The miniseries was set to air on TNT. But when Turner saw part of the film during post-production, he realized it was much bigger than a miniseries and decided to release the film theatrically. The film was distributed by New Line Cinema which Turner had just acquired. Only being released to 248 theaters at its widest release, and limited to just one or two showings per day because of its length, the film still managed to gross $12,769,960 at the box office. It would go on to become an all-time high seller on the VHS and DVD market, and has become a staple of classroom history lessons. Its broadcast TV premier on TNT in June 1994 garnered over 34 million viewers, a record for cable TV.
One of the longest films ever released by a Hollywood studio, Gettysburg runs 254 minutes (4 hours, 14 minutes) on VHS and DVD. A "Director's Cut", 271-minute (4 hours, 31 minutes), with several extended or added scenes, was produced and sold as a part of a special "Collector's Edition" released on DVD and Blu-ray in 2011, to coincide with 150th commemoration of beginning of the Civil War in April, 1861.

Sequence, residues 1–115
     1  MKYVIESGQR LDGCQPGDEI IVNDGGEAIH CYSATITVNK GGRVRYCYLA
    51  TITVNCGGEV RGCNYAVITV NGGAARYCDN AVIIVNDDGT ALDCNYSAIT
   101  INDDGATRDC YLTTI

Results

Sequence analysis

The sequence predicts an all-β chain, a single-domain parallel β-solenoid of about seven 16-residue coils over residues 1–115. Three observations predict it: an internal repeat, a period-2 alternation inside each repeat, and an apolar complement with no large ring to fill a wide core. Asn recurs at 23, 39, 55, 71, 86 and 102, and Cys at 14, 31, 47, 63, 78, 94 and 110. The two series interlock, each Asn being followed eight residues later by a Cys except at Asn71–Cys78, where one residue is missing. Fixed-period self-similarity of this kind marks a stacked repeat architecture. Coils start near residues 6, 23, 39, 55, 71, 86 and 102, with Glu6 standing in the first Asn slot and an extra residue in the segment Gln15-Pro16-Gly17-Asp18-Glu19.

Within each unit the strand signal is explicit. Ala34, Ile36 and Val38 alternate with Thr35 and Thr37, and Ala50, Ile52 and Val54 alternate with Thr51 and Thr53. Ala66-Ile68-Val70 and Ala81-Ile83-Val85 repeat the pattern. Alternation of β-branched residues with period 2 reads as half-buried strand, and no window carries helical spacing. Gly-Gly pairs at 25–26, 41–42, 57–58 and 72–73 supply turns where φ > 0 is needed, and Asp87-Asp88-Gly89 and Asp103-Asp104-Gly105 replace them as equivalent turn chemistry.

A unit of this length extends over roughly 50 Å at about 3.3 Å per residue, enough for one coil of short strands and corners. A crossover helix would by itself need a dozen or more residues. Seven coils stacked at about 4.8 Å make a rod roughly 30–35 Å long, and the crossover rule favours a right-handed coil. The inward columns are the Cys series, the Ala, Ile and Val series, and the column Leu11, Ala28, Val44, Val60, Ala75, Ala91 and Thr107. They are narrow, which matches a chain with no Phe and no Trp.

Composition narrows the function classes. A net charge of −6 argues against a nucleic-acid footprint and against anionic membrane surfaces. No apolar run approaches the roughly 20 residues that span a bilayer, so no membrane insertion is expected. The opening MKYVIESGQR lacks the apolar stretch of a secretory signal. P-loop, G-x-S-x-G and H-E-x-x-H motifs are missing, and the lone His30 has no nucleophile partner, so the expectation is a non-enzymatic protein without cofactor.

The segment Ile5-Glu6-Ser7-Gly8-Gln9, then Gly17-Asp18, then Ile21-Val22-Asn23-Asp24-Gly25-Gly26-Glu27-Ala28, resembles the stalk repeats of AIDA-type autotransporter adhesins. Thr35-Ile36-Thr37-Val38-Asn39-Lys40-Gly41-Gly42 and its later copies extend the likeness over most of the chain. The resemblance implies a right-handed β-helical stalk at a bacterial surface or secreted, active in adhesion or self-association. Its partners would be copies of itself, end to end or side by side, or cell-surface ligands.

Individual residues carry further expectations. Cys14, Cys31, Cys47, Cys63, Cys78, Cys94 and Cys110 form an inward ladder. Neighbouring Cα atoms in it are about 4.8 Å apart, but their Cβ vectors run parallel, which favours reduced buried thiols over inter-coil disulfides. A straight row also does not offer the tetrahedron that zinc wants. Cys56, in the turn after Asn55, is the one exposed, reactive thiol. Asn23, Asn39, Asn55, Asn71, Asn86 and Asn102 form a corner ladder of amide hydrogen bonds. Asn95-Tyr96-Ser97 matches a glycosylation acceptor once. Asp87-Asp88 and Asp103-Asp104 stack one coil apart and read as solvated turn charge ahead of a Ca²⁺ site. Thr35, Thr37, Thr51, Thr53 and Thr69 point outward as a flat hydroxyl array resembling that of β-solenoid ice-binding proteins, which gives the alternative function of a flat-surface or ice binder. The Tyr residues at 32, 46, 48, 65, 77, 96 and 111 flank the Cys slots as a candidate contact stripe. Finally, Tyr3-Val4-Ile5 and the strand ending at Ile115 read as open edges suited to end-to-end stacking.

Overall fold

A prequel, Gods and Generals, was released in 2003.
- Tom Berenger as Lieutenant General James Longstreet
- Jeff Daniels as Colonel Joshua Chamberlain
- Martin Sheen as General Robert E. Lee
- Kevin Conway as Sergeant "Buster" Kilrain
- C. Thomas Howell as Lieutenant Thomas Chamberlain
- Richard Jordan as Brigadier General Lewis A. "Lo" Armistead
- Richard Anderson as Major General George Meade
- Royce D. Applegate as Brigadier General James L. Kemper
- John Diehl as Private Joseph Bucklin
- Maxwell Caulfield as Colonel Strong Vincent
- Joshua D. Maurer as Colonel James Clay Rice
- Patrick Gorman as Major General John Bell Hood
- Cooper Huckabee as Henry Thomas Harrison
- James Lancaster as Lieutenant Colonel Arthur Fremantle
- Brian Mallon as Major General Winfield Scott Hancock
- Andrew Prine as Brigadier General Richard B. Garnett
- John Rothman as Major General John F. Reynolds
- Tim Scott as Lieutenant General Richard S. Ewell
- Morgan Sheppard as Major General Isaac R. Trimble and narrator
- Stephen Lang as Major General George Pickett
- Sam Elliott as Brigadier General John Buford